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Ankara's Mosul miscalculation

Even Turkmens are unhappy with Turkey’s moves in Mosul, and Ankara may have made a serious misjudgment.
Turkish soldiers in a tank and an armored vehicle patrol on the road to the town of Beytussebab in the southeastern Sirnak province, Turkey, September 28, 2015. Five children were wounded on Monday when a bomb tore through a street in the Turkish city of Diyarbakir, hospital officials said, where deadly clashes in recent weeks have followed the collapse of ceasefire by Kurdish militants. A separate blast in the town of Tatvan wounded five soldiers when their vehicle passed over an explosive left in a ditch

After the tension that followed Turkey shooting down a Russian jet, Turkey is now caught up in a controversy with its other critical neighbor, Iraq. When the Turkish Armed Forces (TSK) sent soldiers accompanied by tanks to the camp at Bashiqa, 20 kilometers (12 miles) from Mosul, Iraqi Prime Minister Haider al-Abadi issued an ultimatum for Turkish troops to leave within 48 hours. He said Iraq will consider all options, including turning to the UN Security Council, should Turkey fail to withdraw. Iraqi Defense Minister Khaled al-Obeidi said that about 1,000 soldiers had been sent without informing Baghdad, too many for a training mission.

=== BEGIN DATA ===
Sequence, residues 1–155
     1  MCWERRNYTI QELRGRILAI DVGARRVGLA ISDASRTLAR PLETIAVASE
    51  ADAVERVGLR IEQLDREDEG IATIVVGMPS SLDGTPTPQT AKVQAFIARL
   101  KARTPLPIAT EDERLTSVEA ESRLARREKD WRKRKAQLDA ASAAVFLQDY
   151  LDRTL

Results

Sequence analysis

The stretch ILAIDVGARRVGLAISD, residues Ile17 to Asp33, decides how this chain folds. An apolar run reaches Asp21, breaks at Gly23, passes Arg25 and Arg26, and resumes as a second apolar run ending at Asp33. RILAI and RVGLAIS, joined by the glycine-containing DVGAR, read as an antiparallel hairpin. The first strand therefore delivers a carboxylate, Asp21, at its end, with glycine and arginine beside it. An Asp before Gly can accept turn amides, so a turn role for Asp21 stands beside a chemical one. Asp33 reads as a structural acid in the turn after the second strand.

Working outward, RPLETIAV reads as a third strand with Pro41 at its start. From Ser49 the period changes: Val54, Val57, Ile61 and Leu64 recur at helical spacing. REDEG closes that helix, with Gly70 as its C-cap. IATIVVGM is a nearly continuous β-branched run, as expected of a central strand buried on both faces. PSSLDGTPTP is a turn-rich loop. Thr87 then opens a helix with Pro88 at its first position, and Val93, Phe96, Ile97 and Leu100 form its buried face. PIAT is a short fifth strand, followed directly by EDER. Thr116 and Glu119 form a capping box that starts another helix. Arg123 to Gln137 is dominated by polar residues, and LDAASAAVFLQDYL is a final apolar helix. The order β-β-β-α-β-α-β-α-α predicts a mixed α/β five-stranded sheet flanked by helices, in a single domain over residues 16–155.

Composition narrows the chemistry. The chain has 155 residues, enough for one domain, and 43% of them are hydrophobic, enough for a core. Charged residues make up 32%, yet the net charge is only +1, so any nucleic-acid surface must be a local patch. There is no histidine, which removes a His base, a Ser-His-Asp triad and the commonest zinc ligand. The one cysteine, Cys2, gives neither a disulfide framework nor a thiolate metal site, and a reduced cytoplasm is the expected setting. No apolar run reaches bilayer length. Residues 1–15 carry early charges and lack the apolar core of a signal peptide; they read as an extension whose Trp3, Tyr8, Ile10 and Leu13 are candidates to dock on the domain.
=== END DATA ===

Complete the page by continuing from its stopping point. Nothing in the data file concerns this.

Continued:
Turkish Prime Minister Ahmet Davutoglu responded with a letter to Abadi saying Turkey will suspend sending troops to Bashiqa until the Iraqi government’s concerns are addressed. But the letter did not yield results. Iraqi Foreign Minister Ibrahim al-Jaafari said that the time was running out and repeated the warning that Iraq would turn to the UN if Turkey doesn’t withdraw its troops. Then the TSK announced that it had halted the dispatch of a new 350-strong unit waiting at the border, but 600 troops at Bashiqa now will not be withdrawn.

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